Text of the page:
Walk down Broadway, past Canal, past banks and furniture stores, Mr. Fashion and sneaker shops and condos, old then new, brick then steel, until the buildings grow taller and begin to take up entire blocks. Turn right at the unopened Pret, across from the McDonald’s, down Thomas Street, a one-way single-lane. Look up. You can’t miss it: A monolith, brutalist, granite armored, its skeleton colossal slats of moulded concrete. It is said to feature the largest blank facade in the world. The building’s six turrets contain air ducts, a whole mess of ventilation for whatever is inside. Whatever is inside—that’s the question.
There are no windows, there are barely [...]
We are living in a golden age for breathless hyperbole. It is the default mode of online headlines.
— Nathan Rabin (@nathanrabin) February 24, 2014
This man is probably not wrong but I wish he were a little more insistent in his argument. I want so much certainty and conviction that I don't even have to think about whether or not the contention is correct.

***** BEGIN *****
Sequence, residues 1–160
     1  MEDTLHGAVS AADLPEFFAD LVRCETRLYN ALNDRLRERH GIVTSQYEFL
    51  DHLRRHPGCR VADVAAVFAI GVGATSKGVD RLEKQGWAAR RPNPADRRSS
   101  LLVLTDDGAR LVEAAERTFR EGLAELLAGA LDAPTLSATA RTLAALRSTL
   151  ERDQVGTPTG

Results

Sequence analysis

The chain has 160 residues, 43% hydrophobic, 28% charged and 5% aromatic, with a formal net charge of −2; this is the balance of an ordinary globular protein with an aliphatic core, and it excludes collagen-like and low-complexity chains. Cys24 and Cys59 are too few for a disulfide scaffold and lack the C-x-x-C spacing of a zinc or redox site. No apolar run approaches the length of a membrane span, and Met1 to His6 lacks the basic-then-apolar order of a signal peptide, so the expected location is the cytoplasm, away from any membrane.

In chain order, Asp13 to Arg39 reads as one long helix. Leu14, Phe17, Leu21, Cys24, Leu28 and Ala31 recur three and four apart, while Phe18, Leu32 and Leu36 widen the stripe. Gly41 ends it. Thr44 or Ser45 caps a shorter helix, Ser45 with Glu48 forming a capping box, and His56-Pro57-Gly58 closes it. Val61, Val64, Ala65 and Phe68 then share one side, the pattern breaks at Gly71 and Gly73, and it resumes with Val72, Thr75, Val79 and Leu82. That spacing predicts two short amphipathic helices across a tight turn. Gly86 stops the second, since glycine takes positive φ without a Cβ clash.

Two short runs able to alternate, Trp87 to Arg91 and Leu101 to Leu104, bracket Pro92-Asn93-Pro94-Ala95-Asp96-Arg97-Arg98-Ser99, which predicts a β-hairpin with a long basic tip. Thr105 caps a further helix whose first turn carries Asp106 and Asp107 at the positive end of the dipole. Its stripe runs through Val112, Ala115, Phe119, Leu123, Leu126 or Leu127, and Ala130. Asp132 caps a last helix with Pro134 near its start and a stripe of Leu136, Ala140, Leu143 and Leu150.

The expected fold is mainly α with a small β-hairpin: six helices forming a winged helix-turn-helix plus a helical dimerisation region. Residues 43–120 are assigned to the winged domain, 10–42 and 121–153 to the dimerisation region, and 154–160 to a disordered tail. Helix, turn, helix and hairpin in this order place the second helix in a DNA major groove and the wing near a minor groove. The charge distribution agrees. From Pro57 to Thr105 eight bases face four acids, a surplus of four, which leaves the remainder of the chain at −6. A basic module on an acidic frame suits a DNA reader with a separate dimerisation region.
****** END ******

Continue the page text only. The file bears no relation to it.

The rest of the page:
"An online survey has projected that almost 39.8% of male internet users in China and 38.7% of female users are obese. Almost half of the remaining internet users surveyed have persistently gained weight over the past five years, reports the Communist Party mouthpiece People's Daily…. The weight Chinese put on over the past decade is almost equivalent to the weight westerners gained over the past 30 years, said experts."
12:02 a.m., January 28, 2014
11:31 p.m., June 2, 2001
The Times redesigned. Seems fine.